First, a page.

Costume designer Jacqueline Durran (Anna Karenina) knew she didn’t need to reinvent the wheel when it came to designing costumes for Beauty and the Beast.
“Those costumes exist in people’s imaginations and all I wanted to do was to honor what they expect those costumes to be in a live action movie,” Durran tells PEOPLE of reinterpreting the iconic looks from the animated film. The Oscar winner looked to the 1991 original as her starting point, and then to 18th century French fashion for further inspiration.
“We decided to take inspiration from there and enrich the world using historical details,” she says. “For instance how that works for Belle (played by Emma Watson) is Belle has the pockets hanging on the outside of her [blue] costume. The pockets are historical, people tied pockets around their waist, obviously we changed it a bit and put them on the outside and they became part of the kind of reinterpretation of Belle as an active heroine who does things and gets things done. The pockets act as a sort of toolbelt where she keeps all the things useful to her in her day to day life, those are the two elements we really looked for.”
The pant-like bloomers Durran and her team added underneath the classic blue outfit were Watson’s favorite addition.
“They’re nice, as you can tell,” says Durran. “But also again they were part of her being able to be more active, so that you don’t feel restricted by wearing a skirt because you can just pull it up and then just do whatever you were going to do.”
For Belle’s gold ball gown, Durran and her team opted for light fabrics to accommodate Watson’s desire for a more movement-friendly frock — and one without a corset.
“Emma was quite categorical that she didn’t want a big princess dress,” says Durran. “She wanted to have something she could move in and she definitely, adamantly would not be wearing a corset.”
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The finished product is a lightweight combination of tulle, satin organza and taffeta, made to twirl and look as though it is made by/from the castle.
“I think in the movie, it’s difficult to see some of the detail, but the idea that Madame Garderobe (Audra McDonald) gets the gold pattern from the ceiling and puts it around the dress, meant that we had to print a gold print on the dress,” says Durran. “We took it from the styling of the castle. It’s a gold rococo that we then had printed on the three layers of the skirt and then on top of the gold printing we stuck Swarovski crystals all through it, just to give it that extra twinkle and sparkle.”
Beast’s formal costume for his big waltz with Belle is also “made by the castle,” so Durran designed it to look more earthy than finely-made.
“With the Beast’s coat, we thought that it wouldn’t be embroidered like an aristocratic prince’s coat, because how would the castle have done that?” she explains. “What would’ve happened instead is that Plumette (Gugu Mbatha-Raw) with her feathery brush, could’ve painted the design on for the Beast, so that the Beast’s coat is obviously printed and that’s because it’s a combination of print and paint that could have been done by Plumette.”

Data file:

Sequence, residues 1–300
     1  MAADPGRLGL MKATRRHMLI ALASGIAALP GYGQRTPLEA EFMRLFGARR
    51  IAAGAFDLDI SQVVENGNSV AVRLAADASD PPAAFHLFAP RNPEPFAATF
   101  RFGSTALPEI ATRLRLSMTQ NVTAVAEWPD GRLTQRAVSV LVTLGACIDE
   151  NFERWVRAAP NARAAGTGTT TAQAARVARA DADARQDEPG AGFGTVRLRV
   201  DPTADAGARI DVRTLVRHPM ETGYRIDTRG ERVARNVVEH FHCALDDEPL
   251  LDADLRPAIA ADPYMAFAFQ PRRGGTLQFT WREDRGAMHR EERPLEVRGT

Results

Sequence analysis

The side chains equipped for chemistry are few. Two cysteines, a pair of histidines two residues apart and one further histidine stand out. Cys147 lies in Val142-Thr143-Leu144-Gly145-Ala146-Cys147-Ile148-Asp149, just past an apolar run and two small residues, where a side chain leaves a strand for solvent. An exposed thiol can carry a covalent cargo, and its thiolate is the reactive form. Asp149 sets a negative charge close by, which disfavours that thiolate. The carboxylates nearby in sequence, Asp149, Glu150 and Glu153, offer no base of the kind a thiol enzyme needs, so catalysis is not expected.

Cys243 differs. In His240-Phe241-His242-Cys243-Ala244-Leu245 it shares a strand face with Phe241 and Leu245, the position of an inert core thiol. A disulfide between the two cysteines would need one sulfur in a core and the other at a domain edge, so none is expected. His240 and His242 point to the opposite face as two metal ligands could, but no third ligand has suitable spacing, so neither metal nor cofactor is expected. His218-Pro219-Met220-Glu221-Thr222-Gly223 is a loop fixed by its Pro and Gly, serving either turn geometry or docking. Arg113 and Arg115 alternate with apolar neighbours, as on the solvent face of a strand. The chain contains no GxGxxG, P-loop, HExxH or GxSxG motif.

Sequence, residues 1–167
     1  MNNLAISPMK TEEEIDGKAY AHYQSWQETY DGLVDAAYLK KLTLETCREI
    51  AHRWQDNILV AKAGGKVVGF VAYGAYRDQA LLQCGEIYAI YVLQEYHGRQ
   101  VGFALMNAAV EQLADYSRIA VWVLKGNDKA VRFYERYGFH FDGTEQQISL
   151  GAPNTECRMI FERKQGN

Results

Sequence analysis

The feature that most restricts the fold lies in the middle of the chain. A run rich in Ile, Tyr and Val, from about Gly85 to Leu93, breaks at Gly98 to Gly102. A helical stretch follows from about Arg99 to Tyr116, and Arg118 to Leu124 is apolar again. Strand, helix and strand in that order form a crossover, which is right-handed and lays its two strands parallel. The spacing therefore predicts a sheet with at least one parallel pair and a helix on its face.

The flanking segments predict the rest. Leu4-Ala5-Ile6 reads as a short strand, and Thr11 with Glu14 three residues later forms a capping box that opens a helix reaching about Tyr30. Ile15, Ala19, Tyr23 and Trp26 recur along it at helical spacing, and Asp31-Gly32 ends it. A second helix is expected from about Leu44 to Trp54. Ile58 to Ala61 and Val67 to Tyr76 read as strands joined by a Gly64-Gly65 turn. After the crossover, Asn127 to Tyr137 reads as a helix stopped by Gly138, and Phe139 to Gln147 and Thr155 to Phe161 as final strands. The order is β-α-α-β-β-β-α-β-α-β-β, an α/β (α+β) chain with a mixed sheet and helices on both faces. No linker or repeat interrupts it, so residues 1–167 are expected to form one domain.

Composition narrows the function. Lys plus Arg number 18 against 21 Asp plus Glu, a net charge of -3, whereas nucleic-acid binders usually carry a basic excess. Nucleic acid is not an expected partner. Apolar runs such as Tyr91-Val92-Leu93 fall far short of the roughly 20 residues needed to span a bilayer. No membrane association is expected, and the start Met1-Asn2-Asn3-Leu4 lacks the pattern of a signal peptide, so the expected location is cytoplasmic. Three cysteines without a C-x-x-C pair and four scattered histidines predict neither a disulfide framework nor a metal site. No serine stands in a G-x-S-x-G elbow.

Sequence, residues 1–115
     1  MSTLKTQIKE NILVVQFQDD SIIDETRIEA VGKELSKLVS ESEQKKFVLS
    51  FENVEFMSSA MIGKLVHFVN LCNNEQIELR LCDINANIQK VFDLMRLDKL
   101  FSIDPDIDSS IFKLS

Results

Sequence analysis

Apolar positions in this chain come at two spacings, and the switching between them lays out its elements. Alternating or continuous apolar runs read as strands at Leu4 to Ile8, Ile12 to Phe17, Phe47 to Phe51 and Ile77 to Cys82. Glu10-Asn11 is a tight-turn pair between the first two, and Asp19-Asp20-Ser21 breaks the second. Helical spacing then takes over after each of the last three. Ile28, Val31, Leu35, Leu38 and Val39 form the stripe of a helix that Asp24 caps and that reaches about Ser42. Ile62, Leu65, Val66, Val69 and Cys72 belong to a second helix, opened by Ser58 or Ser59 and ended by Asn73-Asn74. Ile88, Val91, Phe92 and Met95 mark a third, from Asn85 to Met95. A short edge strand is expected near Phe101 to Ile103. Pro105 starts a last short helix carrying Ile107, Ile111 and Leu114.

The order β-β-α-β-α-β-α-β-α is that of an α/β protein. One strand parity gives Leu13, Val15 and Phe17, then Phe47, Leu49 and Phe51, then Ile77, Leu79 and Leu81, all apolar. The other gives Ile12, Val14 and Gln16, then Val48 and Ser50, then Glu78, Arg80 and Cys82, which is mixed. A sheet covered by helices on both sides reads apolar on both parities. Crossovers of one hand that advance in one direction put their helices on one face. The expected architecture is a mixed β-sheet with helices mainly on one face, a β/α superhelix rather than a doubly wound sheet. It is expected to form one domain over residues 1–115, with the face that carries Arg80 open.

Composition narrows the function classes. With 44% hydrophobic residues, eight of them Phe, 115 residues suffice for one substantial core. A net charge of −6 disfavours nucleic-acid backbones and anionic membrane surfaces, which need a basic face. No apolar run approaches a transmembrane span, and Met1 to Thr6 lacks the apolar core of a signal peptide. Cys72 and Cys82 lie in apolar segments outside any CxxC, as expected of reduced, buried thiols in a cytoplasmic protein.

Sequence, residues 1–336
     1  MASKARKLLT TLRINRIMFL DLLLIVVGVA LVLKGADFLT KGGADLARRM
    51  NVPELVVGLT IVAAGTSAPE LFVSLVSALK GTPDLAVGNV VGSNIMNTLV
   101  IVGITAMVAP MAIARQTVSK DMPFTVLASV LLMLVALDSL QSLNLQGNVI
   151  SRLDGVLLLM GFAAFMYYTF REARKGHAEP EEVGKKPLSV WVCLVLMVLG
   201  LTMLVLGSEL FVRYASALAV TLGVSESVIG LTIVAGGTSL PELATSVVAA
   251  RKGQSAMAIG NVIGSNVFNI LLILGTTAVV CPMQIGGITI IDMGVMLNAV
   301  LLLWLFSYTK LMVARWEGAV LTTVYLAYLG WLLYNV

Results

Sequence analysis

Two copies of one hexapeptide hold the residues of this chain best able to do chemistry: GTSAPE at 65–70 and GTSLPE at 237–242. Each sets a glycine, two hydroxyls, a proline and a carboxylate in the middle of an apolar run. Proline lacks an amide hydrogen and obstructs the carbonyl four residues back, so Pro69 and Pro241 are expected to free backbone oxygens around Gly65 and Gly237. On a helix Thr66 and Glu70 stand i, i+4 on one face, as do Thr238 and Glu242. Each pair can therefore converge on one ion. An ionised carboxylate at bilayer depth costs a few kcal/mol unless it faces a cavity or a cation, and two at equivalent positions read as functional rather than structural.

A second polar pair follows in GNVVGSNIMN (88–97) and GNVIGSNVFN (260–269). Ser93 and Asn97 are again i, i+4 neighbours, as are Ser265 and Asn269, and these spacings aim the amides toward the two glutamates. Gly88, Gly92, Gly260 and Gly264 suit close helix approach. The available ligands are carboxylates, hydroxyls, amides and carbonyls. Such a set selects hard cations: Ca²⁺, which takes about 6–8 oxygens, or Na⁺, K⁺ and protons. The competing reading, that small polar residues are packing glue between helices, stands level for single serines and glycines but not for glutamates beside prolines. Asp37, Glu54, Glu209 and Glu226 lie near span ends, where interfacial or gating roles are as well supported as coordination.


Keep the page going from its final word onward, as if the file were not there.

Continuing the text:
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Durran adds: “One of the things I really liked about the Beast’s costumes is that he goes from being completely like an animal, all the way through to being an aristocratic gentleman, while he’s still a beast. I really loved creating the cape at the beginning, which is made out of straggly pieces of fabric instead of and bits and pieces we found, different textures, I think maybe there are some shells in there and some spiky bones and things, everything was in there to make it where you could hardly tell if he was wearing clothes or if that was actually part of him as the Beast, that was the idea. And he progresses to being more and more like a prince throughout the arc of the Beast, and that was really enjoyable to do.”
Belle’s red costume, which she wears outdoors for her snowball fight with Beast (Dan Stevens), turned out to be Durran and her team’s most unique challenge in that it was eco-friendly.
“Because Emma is so interested in sustainability and fair trade, eco fabrics and eco fashion, we applied those criteria to making a costume from head to toe,” she says. “That [red] costume was made entirely from sustainable fabrics. We dyed it in vegetable dyes in our workroom, we had shoes made with eco leather and we did the whole thing from top to bottom to be as thorough as we could. People learned different skills in the work rooms to be able to do it, so they dyers learned to dye with strange vegetable dye. Sometimes it took two weeks to dye something because you’d have to leave it in there for that long to get a rich color, it really was a learning curve for all of us, I’d certainly never done that before.”
Durran hopes that people see her costumes as a reinterpreted tribute to the original 1991 film.
“Honestly I hadn’t realized how much Belle and this movie meant to people before I started,” she admits. “That was the pressure, was to make them [recognizable] enough for people to be happy watching them in this iteration.”